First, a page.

How a European judge should qualify a civil claim resulting from conduct allegedly amounting to unfair competition?

Publié le : 03/07/2014 03 juillet juil. 07 2014

Despite all endeavors of unification, in Europe, it is still important to know precisely which jurisdiction has the rationae loci competence to hear a civil claim.The same issue was raised to the Court Of Justice of European Union accordingly to the dispute between a German luxury watch seller and a master watchmaker established in France on March 2014.

Mr Brogsitter sold luxury watches. In 2005, he concluded a contract with a master watchmaker, Mr Fräβdorf, then resident in France, sole shareholder and manager of EURL "Fabrication de Montres Normand’s company" in order to develop two watch movements.

It appears that on behalf of Mr. Brogsitter, the watchmaker also developed, in parallel, other watch movements, cases and watch faces, which he exhibited in his own name at the world watch show in Basel (Switzerland) during April and May 2009.

Claimant submitted that, by those activities, the defendant breached the terms of their contract. As the contract was unilaterally breached, Mr Brogsitter, seeked damages in tort under German law against the defendant on the grounds of unfair competition such as breaching business confidentiality, disruption and breaching of trust.

He filed his claims in front of the Regional Court of Krefeld and the Court declared itself lacking jurisdiction.

As both parties were domiciled in Member States of the European Union, the European Regulation EC 44/2011 was applicable in relation with this dispute. As it stands from the general provisions of the Regulation:

(Article 3§1) " Persons domiciled in a Member State may be sued in the courts of another Member State only by virtue of the rules set out in Sections 2 to 7 of this Chapter"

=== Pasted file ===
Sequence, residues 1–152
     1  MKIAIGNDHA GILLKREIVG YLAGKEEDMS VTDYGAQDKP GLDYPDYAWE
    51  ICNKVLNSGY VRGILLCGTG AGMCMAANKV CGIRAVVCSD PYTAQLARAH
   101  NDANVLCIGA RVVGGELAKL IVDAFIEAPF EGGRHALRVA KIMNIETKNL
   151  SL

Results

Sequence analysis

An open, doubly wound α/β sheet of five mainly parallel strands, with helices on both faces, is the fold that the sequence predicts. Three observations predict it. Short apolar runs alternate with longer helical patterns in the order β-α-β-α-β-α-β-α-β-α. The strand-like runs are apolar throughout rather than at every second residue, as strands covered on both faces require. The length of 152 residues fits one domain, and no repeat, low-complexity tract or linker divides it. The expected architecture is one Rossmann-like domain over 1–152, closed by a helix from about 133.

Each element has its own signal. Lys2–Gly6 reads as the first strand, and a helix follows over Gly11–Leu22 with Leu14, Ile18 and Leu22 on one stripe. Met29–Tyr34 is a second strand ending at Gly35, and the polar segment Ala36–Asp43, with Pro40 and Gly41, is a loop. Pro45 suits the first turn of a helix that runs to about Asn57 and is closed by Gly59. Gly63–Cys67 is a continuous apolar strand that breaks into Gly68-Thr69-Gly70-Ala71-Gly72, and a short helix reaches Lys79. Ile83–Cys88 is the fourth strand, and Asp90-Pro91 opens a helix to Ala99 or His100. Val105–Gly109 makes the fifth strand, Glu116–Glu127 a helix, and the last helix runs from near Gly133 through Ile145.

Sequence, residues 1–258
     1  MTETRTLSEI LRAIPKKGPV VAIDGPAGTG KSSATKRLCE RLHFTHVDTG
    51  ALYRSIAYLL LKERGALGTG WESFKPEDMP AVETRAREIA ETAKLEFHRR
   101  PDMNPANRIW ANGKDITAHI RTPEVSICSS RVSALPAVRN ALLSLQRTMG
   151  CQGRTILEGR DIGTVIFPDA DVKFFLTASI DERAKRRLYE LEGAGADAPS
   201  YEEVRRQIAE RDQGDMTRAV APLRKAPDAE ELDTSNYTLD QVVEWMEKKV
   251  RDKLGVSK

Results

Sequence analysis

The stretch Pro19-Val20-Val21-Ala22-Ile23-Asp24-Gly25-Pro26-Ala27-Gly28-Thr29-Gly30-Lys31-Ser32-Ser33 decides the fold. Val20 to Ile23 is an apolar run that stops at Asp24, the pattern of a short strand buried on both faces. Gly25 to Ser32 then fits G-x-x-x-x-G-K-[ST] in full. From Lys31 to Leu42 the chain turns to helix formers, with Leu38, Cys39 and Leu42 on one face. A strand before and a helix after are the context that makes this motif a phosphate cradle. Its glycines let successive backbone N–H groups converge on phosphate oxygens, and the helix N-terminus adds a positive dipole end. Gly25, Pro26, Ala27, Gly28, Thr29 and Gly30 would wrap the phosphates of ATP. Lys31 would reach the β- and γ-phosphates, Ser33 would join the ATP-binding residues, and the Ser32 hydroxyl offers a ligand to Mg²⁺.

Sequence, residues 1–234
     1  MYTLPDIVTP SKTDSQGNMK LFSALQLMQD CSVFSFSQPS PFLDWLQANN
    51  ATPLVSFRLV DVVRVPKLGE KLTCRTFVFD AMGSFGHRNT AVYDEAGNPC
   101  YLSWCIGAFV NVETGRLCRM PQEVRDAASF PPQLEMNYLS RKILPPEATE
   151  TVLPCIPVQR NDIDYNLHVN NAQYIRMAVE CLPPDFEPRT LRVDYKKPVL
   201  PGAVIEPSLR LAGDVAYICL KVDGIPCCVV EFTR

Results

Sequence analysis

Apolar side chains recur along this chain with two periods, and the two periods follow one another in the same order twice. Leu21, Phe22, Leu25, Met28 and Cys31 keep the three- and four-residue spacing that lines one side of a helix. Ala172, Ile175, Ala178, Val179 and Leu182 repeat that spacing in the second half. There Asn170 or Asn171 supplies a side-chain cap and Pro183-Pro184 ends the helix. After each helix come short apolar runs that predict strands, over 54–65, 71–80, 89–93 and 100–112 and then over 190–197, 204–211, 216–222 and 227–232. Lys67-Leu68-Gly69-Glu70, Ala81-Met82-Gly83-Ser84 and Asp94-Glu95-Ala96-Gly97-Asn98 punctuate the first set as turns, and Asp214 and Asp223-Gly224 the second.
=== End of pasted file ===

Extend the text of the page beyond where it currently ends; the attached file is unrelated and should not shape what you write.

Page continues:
This option is possible in civil claim matters. However, European law provides specific rules in order to resolve a conflict of jurisdiction. The Article 5 of the EC Regulation 44/2011 determines specific competences in contractual or tort matter.

Article 5: A person domiciled in a Member State may, in another Member State, be sued:


(a) in matters relating to a contract, in the courts for the place of performance of the obligation in question;

(b) for the purpose of this provision and unless otherwise agreed, the place of performance of the obligation in question shall be:

- in the case of the sale of goods, the place in a Member State where, under the contract, the goods were delivered or should have been delivered,

- in the case of the provision of services, the place in a Member State where, under the contract, the services were provided or should have been provided,

(c) if subparagraph (b) does not apply then subparagraph (a) applies;


In matters relating to tort, delict or quasi-delict, in the courts for the place where the harmful event occurred or may occur;

It clearly appeared that Mr. Brogsitter decided to bring lawsuits on the basis of tort liability rather than on "breach of contract "grounds. This choice had ensued a request for preliminary assessment on the interpretation of the Article 5 in front of The European Court of Justice.

Thereby, if Mr. Brogsitter files a complain on the grounds of civil tort liability, is it possible for the national judge to requalify the relation between the parties and so declare himself lacking judicial competence?

The European Court’s answer is yes.

By the preliminary assessment, European Court of justice, on March 13th 2014 considers that even if Mr. Brogsitter had filed a civil tort liability claim, as the initial relation in between the parties was contractual, the applicable provision is Article 5§1 related to the contractual matter and not Article 5§3 related to delicts.

The interpretation of the Article 5 of EC Regulation 44/2001 is controversial as for lawyers as for judges in Member States. In 2002, ECJ rendered an award on interpretation of Article 5. Thus, in order to determine the nature of the civil liability claims brought before the referring court, it is important first to check whether they are, regardless of their classification under national law, contractual in nature (see Henkel Case).

The contract between Mr. Brogsitter and Mr Fräβdorf was breached and thus ended. But, the ECJ still considers that it is important to take into consideration the principal purpose of the business relation. That mandatory interpretation obliges national judge to rule on his competence interpreting the whole contract.

This decision implies a restriction for the claimant while deciding the grounds of his action.

As a conclusion, while parties’ endeavor to choose the right strategy for their judicial action, national judge of a Member State shall analyze the principle obligation in accordance with the purpose of the parties’ relation.

Article Written by Anastasia MEDVEDSKAYA and Olivier VIBERT

Cet article n'engage que son auteur.


VIBERT Olivier
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